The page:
More myths of senior drivers debunked
By Steve Wallace
Times Colonist, November 25 2016
Many people believe seniors have a higher-than-normal crash frequency.
This is not true.
They do have a much higher chance of injury in a crash because of the frailty brought on by advanced age, particularly those over 75 years of age.
Two presenters at the conference made a very strong case that senior-driver harassment by governing bodies exists throughout North America.
But then, this is the stuff of a future column.
Their most common crashes were listed in order of frequency and cause of injury.
The left turn at intersections, across multiple oncoming lanes of traffic, was the most common cause of injury for older drivers.
Several of these types of crashes were attributed to the likelihood of declining depth perception among the elderly.
Many of the crashes happened at night.
The hypersensitivity of seniors to the bright lights of oncoming traffic was a recognized hazardous situation.
The fact that oncoming vehicle drivers could change to the outside through-lane at an intersection, without warning, and be hidden behind the inside lane of two lanes approaching, was also a factor.
In some of these situations, the senior driver was not deemed to be at fault, due to the oncoming driver running a red light.
The second most common mishap is when seniors make a right turn at an intersection.
Many check only the rear-view mirror and side view before such a turn. It is imperative that the driver do a right-shoulder check in order to eliminate the right-side blind spot.
Many seniors find the convex side mirror used by professional drivers is good for reducing this blind spot by up to 90 per cent. Only a slight head turn is required with convex mirrors.
Most seniors lose neck flexibility as they age, and these convex mirrors are a great way to compensate.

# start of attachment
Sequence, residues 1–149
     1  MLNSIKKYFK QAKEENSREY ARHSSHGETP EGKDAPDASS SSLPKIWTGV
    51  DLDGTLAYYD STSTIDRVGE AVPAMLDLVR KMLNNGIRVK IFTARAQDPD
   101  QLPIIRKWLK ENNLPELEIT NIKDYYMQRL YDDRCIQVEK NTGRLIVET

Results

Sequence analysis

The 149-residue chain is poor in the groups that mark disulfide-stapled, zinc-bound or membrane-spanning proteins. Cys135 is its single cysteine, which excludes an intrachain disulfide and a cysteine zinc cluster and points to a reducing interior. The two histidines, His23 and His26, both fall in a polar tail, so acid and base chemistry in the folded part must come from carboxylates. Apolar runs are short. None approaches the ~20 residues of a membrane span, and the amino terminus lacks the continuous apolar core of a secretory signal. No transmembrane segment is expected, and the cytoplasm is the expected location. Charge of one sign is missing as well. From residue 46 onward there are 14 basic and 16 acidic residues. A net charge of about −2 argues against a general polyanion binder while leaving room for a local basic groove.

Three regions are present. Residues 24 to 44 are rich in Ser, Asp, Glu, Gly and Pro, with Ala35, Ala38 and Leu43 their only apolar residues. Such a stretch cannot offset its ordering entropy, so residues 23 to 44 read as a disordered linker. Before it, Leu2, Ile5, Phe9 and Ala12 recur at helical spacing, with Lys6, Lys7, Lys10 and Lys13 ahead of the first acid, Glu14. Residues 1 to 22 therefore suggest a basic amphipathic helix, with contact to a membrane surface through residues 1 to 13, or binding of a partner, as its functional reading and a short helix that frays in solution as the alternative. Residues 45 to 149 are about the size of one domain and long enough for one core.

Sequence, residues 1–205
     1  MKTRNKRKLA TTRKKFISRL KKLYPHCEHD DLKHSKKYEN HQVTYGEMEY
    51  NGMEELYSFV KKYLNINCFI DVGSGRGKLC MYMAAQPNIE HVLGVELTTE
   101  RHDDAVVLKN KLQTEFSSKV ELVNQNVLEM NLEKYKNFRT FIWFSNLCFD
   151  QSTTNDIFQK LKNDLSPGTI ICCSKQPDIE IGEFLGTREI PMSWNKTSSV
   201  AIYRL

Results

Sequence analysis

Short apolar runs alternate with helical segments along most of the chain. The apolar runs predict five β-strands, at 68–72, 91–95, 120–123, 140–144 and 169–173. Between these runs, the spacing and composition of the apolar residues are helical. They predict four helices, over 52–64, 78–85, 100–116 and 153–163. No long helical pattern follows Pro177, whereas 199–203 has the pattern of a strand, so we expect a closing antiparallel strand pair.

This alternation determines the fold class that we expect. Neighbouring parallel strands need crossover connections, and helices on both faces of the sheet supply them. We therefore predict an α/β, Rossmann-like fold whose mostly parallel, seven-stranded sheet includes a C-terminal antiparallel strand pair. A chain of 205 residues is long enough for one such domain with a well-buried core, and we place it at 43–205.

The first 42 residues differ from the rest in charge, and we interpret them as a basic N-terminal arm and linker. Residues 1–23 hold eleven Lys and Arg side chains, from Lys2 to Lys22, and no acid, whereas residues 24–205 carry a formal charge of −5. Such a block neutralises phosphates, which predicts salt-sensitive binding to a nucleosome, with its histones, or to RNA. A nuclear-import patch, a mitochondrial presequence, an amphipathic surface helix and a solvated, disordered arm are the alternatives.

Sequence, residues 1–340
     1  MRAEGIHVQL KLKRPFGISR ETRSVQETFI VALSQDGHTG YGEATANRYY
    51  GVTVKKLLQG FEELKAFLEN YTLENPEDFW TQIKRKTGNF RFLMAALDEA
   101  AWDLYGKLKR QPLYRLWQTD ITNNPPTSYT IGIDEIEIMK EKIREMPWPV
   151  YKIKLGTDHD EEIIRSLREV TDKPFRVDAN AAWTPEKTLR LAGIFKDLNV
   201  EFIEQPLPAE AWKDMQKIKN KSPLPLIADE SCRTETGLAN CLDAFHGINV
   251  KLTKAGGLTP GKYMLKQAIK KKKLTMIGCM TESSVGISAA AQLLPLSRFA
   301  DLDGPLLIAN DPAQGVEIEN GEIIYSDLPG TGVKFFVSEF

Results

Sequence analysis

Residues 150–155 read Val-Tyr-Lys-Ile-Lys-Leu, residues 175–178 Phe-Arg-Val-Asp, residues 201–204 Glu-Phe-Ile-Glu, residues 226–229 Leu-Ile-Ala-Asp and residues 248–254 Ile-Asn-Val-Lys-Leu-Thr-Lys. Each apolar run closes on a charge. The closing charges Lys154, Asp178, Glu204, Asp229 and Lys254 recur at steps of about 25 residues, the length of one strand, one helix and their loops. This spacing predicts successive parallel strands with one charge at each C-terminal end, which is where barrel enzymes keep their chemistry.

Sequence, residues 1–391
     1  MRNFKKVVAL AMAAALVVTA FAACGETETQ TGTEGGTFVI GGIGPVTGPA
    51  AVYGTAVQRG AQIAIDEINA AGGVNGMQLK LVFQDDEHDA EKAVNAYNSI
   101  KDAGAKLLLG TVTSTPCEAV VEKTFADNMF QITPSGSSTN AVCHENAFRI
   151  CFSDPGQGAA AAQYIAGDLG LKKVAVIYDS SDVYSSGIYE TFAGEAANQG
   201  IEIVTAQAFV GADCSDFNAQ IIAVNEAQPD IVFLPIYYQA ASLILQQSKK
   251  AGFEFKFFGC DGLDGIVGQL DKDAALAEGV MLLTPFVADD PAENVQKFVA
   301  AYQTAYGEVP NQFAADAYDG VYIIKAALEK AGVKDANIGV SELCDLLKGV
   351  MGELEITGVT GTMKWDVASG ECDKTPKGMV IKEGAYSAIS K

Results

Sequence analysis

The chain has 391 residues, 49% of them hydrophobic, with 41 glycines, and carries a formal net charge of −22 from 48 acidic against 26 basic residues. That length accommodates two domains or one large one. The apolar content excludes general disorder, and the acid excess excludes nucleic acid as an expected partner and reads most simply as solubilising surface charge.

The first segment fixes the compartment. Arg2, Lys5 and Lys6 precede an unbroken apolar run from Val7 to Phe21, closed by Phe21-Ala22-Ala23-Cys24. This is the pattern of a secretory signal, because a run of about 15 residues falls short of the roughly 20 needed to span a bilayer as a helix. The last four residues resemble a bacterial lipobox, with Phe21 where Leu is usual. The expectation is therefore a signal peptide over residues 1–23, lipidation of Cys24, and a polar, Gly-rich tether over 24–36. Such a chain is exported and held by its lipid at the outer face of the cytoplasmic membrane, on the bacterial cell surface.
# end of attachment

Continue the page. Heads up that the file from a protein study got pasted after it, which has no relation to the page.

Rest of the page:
The third most common senior crash is the sideswipe. This can happen when changing lanes, passing or when pulling on or off the road.
Again, it is related to the shoulder check.
The rear-end collision is the fourth most common cause of injury for seniors.
Whether being hit from behind or hitting someone from behind, it generally causes bodily injury. Surprisingly, the trouble spot does not seem to be intersections, but rather at yield or merge signs.
Research shows that at age 75-plus, cognitive processing time increases.
This, combined with slower reaction time, causes many seniors to delay unnecessarily and be hit from behind when merging.
Three out of four seniors who suffer a stroke, survive and drive.
Their average hospital stay is 16 days, as opposed to three months prior to the millennium.
Most Parkinson’s sufferers drive for many years after being diagnosed.
Most seniors suffering from dementia lose their licence within two years.
Seniors should be proactive, not reactive, when it comes to all sorts of things, particularly as it pertains to driving.
When they can no longer drive, they have a tendency to become depressed and can often withdraw socially.
Many seniors wait for the dreaded letter from the relevant governing authority, which necessitates a doctor’s visit and a subsequent practical (and possibly a cognitive) driving assessment.
All the geriatric researchers I have spoken to at various conferences agree that education, not testing, is the answer to seniors driving longer and safer.
Prior to intervention by family, government, medical personnel or police, seniors should take charge of their driving situation.
It is best to prepare for an impending driver assessment well ahead of time.
It will definitely relieve the stress of the unknown and the arrival of the dreaded letter.